If we are to expand and evolve our vision of ourselves and of our society, let us start first with our vision of our own cells; our own physical vehicle, right down to the tiniest building blocks. When we allow our cells to experience movement of all kinds, loads and inputs from all directions, our cells respond by upping their capacity. They evolve. Cell by cell, our body transforms. When we allow ourselves to release our stories about who we are and what we do as categories, our mind evolves. It transforms.Read More
yoga off the mat
New Year's has come and gone... and while I (and some others I have spoken to) have some pretty exciting things in store for 2018, it is no secret that 2017 was a really tough year on a lot of levels. Like many of you who have Instagram, I saw all the "top nines" rolling through as the year closed. At one point, I ventured over to make my own, but I never ended up sharing, as it didn't necessarily speak to anything "top" in my own world... but then I caught the blog post of an IDP sangha friend, Robin Anderson, with the same title, and it woke me up to reflect on the amazing things I did get to experience last year. Robin was inspired by the post of a writer she follows, and I am similarly inspired by her. Maybe someone else will follow suit in their own way from this post.
Flecked like stars in the night, here are nine life-changing, soul-touching experiences that shaped me in 2017.Read More
Ultimately, as I reflect, the greatest obstacles I have faced in life have molded me in to the person I am. Injuries have made me a clearer and safer teacher, times of financial hardship have given me insight into the value of money and empathy toward others who struggle with it, experience both first and second-hand with depression has gifted me with the ability to hold space for myself and others at their lowest. Moving to a new land where I do not speak the language or understand the cultural nuances gives me a small glimpse into what it feels like to be invisible or powerless. It has also given me a greater appreciation for the ways in which I am incredibly privileged. When I offer gratitude to my challenges, when I meet my "enemies" with thankfulness and compassion, it transforms me. Even if the person or situation is not changed at all, I am. How I see and feel and taste hardship changes. And, in my limited but real experience, it makes a profound difference.Read More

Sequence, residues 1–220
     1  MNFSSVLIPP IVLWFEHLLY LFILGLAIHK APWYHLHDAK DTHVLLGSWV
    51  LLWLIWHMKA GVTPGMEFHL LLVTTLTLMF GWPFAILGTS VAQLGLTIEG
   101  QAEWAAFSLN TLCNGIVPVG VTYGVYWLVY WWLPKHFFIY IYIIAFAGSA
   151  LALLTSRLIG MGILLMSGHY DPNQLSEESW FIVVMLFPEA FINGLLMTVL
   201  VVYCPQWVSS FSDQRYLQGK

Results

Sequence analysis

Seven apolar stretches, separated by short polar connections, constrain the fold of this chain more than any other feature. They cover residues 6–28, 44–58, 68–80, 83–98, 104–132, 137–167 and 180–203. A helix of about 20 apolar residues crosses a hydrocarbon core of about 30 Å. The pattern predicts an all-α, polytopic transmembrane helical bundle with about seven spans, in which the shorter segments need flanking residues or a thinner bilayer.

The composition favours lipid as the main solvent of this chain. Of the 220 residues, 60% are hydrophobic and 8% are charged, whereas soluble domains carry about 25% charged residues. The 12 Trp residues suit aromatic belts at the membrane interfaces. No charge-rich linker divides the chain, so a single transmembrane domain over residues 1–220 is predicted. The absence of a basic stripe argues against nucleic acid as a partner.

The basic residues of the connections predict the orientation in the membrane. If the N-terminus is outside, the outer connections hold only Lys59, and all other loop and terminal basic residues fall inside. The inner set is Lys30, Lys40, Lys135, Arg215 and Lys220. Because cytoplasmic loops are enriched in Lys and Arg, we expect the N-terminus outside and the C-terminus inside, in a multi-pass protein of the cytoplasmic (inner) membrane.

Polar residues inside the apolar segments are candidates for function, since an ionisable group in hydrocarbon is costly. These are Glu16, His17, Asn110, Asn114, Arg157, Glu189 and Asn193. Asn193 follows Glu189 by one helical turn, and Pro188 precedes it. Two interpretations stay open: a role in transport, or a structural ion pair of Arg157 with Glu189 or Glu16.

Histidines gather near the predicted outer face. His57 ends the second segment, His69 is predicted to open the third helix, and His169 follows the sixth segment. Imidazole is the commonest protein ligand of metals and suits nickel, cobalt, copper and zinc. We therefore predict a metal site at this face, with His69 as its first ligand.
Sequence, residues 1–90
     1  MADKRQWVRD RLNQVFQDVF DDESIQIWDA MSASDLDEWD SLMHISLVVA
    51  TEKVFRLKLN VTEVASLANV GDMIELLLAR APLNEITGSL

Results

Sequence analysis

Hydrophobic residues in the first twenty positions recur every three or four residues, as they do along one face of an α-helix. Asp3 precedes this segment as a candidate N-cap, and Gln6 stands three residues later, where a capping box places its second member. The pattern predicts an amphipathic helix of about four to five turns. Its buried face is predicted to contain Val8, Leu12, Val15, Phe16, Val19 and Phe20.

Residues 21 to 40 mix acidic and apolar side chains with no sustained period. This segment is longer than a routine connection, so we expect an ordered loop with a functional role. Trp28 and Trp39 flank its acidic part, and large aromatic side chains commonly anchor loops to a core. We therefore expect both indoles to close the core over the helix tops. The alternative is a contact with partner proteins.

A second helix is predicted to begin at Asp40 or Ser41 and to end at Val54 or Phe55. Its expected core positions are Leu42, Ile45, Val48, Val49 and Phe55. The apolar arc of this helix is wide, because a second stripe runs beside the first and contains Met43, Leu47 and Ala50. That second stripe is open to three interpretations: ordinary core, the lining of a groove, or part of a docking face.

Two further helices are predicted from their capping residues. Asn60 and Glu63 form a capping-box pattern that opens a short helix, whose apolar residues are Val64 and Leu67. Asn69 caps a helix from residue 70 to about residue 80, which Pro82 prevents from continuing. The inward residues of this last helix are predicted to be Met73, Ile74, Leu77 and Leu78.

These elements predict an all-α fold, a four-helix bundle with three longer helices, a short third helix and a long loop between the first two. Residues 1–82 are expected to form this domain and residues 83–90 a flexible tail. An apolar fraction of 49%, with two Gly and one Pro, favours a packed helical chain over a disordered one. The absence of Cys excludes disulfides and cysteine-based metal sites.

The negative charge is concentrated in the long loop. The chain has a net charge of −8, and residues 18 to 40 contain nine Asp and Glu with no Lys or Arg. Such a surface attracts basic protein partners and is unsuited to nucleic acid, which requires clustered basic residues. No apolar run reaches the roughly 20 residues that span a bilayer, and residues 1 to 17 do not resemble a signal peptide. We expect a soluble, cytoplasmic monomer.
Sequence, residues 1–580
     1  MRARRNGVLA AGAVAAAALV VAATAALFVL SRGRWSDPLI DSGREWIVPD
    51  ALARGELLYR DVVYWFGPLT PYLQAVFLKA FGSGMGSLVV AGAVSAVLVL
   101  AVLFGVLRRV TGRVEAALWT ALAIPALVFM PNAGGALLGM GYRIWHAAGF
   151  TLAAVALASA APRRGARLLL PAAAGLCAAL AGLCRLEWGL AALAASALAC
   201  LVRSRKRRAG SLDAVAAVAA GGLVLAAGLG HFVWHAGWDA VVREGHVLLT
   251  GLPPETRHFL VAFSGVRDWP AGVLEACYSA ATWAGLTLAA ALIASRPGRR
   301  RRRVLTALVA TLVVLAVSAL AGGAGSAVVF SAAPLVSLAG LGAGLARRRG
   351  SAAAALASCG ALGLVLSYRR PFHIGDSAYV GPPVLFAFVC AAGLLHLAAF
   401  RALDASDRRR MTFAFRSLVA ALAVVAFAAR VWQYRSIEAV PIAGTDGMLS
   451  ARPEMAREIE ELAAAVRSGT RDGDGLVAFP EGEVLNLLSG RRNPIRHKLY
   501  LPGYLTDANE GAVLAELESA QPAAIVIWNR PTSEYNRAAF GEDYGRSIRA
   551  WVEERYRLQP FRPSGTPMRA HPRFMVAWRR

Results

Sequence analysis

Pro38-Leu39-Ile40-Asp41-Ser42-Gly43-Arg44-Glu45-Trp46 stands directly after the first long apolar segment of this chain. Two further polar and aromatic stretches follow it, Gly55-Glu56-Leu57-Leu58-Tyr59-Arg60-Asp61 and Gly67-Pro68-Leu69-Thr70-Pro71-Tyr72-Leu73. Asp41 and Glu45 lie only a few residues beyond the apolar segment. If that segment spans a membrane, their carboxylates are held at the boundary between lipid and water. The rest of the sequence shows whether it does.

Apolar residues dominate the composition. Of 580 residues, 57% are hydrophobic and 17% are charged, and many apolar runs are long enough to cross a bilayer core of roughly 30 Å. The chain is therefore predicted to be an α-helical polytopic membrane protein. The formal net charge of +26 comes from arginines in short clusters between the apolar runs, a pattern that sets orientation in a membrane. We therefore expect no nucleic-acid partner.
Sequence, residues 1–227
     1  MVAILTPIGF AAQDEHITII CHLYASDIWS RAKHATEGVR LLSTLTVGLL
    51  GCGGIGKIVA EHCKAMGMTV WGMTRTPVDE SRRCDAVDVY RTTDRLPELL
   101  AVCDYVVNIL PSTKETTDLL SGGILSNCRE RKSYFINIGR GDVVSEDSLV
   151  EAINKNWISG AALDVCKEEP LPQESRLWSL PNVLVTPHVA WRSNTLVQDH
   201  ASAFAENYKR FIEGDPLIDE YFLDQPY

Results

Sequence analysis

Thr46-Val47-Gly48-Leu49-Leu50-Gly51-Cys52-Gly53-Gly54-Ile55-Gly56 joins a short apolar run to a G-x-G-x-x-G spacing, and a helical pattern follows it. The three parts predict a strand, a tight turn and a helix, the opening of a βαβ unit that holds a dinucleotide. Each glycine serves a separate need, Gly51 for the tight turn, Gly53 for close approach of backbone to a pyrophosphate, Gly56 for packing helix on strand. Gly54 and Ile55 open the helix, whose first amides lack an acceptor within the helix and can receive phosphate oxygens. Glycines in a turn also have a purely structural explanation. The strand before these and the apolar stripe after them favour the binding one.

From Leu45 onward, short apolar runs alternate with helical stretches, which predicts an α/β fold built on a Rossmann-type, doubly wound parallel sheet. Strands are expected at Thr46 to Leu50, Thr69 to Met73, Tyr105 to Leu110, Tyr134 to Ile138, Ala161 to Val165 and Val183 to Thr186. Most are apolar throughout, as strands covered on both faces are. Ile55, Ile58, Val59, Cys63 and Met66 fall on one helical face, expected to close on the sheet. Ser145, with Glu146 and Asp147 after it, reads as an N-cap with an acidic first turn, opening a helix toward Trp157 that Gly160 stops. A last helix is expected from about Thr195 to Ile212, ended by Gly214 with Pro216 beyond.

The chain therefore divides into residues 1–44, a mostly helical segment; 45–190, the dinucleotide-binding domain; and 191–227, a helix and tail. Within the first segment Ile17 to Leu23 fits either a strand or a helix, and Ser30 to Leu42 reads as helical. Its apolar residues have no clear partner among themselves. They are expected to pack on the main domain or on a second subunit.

I do realize that we are in a very privileged place if we can contemplate leaving our job for any reason at all. When we contemplate right livelihood I also believe we must contemplate joblessness, unemployment, disability, poverty, famine and war.
So please feel free to consider the following, but also consider the many many people who are unable to work or provide for themselves or their families at this time. Perhaps when you contemplate your own work you can also offer compassion to those who are unable to work for any reason.
Right Livelihood pushes us to look at our work and also how we use the money we earn and what kinds of businesses we support with our earnings. Here are a few contemplations on right livelihood.
Does your job fulfill you? Does it inspire and motivate you to show up and be truly present in your work? Is there some other work that calls to your heart? Is there a possibility you could pursue something more in line with your heart's work?
Does your job create suffering in yourself or others? If so, does it have to? Is that an innate part of the work (like being a butcher or selling guns)? How do you feel about the suffering it creates? Is there another way to direct your energy in a way that enables you to provide for yourself and your family?
Is your workplace connected to or supporting other organizations that support violence, inequality, hatred or greed? Is there a way you can loosen or sever these ties?